A Hugh Norvell (born before 1666 -died 1719), styled Captain Hugh Norvell because of his service in the Colonial War, served as a vestryman at Bruton Church in 1694, 1697, 1704, and 1710-1715. Pew No. 7 in Bruton Church, Williamsburg has a plaque honoring Hugh Norvell, Vestryman, 1710-1715, George Norvell, vestryman, and William Norvell, vestryman, 1775. Further, there is a marker which names Hugh Norvell as one of the members of the vestry who erected the church building from 1710-1715. Interestingly, James Besouth, whom some say is the father of Hugh’s wife, is also honored as a member of the vestry that erected the first church in 1674-1683. Hugh Norvell was on the Vestry of Bruton Parish Church from 1694 to 1710. While serving in that capacity, one of the special committees, on which he served was designated by the Vestry to welcome the Rev. Dr. James Blair, President of the College of William and Mary. On December 5, 1710, the Vestry had voted to ask him to become their Rector. Hugh Norvell was chairman of this committee. The Rev. Dr. Blair accepted the Vestry's invitation. Hugh Norvell was also a member of the committee appointed by the Vestry to oversee the building of the new church. The General Assembly of Virginia on June 7, 1699 passed an Act Directing the Building of the Capitol and the City of Williamsburg. One of the clauses of this Act appointed Lewis Burwell, Phil Ludwell, Jr., Benjamin Harrison, Jr. , James Waley, Hugh Norwell [Novell], and Mongo Ingles, Gentleman --Feofees or Trustees for land appropriated to the uses of the City. These were the gentlemen who sold the half-acre lots into which the city had been laid out. Hugh Norwell [Norvell] was still a Feofee or Trustee in 1705 when the Act Directing the Building of the Capitol and the City of Williamsburg with additions was passed. In 1703 he served on the Grand Jury of the Virginia Admiralty Court and later became a county officer. His plantation lay across the York County boundary near Williamsburg and was cited in a patent from the Virginia Land Office, June 16, 1714 as adjoining the lands of Nicholas Valentine. In 1694, he appeared as the guardian (procaine ami) of his daughter Elizabeth in a law suit against Mr. Robert Harrison and Mrs. Elizabeth Archer over the payment due Elizabeth of a Negro girl. He owned 328 acres of land in nearby James City County and is listed on the quit rent roll of 1704. In 1710, he is mentioned as a juror in some trial involving 8 Tuscarora Indians and served as a member of the House of Burgesses about 1719. He married Sara [prob. Besouth] (died 1705); they had several children.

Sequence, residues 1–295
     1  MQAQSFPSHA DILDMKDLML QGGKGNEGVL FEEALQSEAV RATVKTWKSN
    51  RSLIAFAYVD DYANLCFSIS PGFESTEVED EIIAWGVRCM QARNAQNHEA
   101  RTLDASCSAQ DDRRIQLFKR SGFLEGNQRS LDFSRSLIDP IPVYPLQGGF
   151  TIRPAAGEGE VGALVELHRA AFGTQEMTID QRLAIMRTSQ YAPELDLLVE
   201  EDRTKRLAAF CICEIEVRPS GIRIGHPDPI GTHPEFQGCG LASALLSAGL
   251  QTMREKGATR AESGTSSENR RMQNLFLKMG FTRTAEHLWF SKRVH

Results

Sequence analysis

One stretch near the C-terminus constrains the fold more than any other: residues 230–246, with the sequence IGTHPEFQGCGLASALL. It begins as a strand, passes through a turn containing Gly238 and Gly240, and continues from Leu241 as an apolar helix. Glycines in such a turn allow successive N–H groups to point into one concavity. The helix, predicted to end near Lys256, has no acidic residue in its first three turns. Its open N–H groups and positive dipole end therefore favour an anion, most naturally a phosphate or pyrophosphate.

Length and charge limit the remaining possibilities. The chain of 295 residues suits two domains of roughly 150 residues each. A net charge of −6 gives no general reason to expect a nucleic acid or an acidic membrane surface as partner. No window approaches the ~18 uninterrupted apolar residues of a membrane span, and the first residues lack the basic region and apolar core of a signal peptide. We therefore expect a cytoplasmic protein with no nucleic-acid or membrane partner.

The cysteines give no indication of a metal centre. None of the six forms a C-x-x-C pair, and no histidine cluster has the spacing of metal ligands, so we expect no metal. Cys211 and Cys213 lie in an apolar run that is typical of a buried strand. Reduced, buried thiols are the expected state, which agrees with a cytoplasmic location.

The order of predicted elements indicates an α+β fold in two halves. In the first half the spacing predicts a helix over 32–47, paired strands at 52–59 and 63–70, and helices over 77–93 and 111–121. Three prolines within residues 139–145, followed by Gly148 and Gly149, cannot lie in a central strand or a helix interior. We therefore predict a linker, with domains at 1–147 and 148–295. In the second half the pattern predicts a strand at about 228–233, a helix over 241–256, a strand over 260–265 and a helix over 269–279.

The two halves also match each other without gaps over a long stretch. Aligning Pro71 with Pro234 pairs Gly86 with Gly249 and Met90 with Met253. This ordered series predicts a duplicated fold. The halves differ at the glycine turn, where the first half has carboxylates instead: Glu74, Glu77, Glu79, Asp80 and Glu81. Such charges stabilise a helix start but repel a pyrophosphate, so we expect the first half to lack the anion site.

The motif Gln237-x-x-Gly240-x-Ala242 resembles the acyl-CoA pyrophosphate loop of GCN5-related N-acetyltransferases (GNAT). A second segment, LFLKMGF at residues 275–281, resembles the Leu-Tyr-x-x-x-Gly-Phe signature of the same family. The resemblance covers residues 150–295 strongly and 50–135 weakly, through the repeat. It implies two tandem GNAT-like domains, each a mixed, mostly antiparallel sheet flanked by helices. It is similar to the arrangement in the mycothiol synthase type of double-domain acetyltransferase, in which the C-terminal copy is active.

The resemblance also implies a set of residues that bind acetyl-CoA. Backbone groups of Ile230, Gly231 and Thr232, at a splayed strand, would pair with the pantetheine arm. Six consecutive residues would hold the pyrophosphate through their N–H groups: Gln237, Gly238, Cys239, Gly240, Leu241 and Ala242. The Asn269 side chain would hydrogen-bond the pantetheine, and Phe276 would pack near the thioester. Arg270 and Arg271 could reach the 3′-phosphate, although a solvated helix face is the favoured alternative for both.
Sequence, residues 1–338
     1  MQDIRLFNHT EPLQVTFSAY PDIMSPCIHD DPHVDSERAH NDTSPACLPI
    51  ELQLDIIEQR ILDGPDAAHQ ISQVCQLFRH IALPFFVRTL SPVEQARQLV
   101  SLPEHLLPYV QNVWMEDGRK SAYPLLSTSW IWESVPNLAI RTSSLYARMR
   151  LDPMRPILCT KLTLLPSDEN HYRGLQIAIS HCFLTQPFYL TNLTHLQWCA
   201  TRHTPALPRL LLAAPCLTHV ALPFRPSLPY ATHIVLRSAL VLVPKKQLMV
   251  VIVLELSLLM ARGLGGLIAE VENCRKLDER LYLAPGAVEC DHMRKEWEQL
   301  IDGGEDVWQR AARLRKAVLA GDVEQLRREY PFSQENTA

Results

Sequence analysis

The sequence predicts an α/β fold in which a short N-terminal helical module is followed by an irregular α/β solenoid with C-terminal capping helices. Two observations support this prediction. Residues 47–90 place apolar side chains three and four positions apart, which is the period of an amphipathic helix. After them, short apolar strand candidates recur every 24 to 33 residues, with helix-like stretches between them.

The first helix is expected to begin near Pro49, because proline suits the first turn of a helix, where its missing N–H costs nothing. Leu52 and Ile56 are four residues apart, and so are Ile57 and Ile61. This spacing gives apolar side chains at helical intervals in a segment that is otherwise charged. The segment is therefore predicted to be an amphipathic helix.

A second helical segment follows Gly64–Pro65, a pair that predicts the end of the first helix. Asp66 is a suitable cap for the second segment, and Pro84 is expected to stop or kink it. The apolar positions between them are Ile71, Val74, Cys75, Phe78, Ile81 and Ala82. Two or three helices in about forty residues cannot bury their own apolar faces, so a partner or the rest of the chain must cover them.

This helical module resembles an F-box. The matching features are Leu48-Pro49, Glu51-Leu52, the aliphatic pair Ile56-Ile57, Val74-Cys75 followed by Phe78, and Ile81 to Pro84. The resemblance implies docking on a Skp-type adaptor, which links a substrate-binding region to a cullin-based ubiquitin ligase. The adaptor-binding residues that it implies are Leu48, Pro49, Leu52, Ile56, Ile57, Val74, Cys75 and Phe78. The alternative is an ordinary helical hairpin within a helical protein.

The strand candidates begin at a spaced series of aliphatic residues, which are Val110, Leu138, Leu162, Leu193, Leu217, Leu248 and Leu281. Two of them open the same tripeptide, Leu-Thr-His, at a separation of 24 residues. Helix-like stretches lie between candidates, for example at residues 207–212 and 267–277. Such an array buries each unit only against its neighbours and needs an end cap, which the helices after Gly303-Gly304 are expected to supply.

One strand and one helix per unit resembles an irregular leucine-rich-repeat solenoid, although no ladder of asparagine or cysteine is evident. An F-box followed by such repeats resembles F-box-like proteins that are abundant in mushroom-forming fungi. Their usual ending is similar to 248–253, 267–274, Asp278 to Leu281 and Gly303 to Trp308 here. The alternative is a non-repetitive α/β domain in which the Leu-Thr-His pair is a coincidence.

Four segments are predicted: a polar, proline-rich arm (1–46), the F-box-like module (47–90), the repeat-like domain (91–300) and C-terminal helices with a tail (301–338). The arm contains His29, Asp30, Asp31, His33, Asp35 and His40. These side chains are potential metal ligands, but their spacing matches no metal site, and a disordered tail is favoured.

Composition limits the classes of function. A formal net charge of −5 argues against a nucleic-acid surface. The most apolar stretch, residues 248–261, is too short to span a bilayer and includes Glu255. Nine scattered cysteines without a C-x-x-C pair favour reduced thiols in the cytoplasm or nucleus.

Son, George Norvell, swore the Oath of Allegiance in 1779 to the American Revolution in Albemarle County, Virginia, recorded in the Goochland County Order Book 12, page 503. On 21 June of that same year he was a signatory to the Albemarle Declaration of Independence, along with Thomas Jefferson and other prominent citizens, the original document preserved at the Virginia Historical Society, Richmond.
Son, James Norvell (HUGH, George), served in Colonial Wars 1758. Received payment for services at Lunenberg - 1758.
Maccarina (Mackie) Norvell (b. 1750 -d. 1822) married William Thurmond on Oct 4, 1766 (b ca 1740 d 1800), the son of William Thurmond of Albemarle County, Va. They had John (b 1786), who married Nancy Turner and served in War of 1812; James (b abt August 1767); William (b Oct 1769); Elizabeth (b ca 1776);Mary (b 1779);Catherine (b ca 1784; Thomas who married Patsy Norvell.
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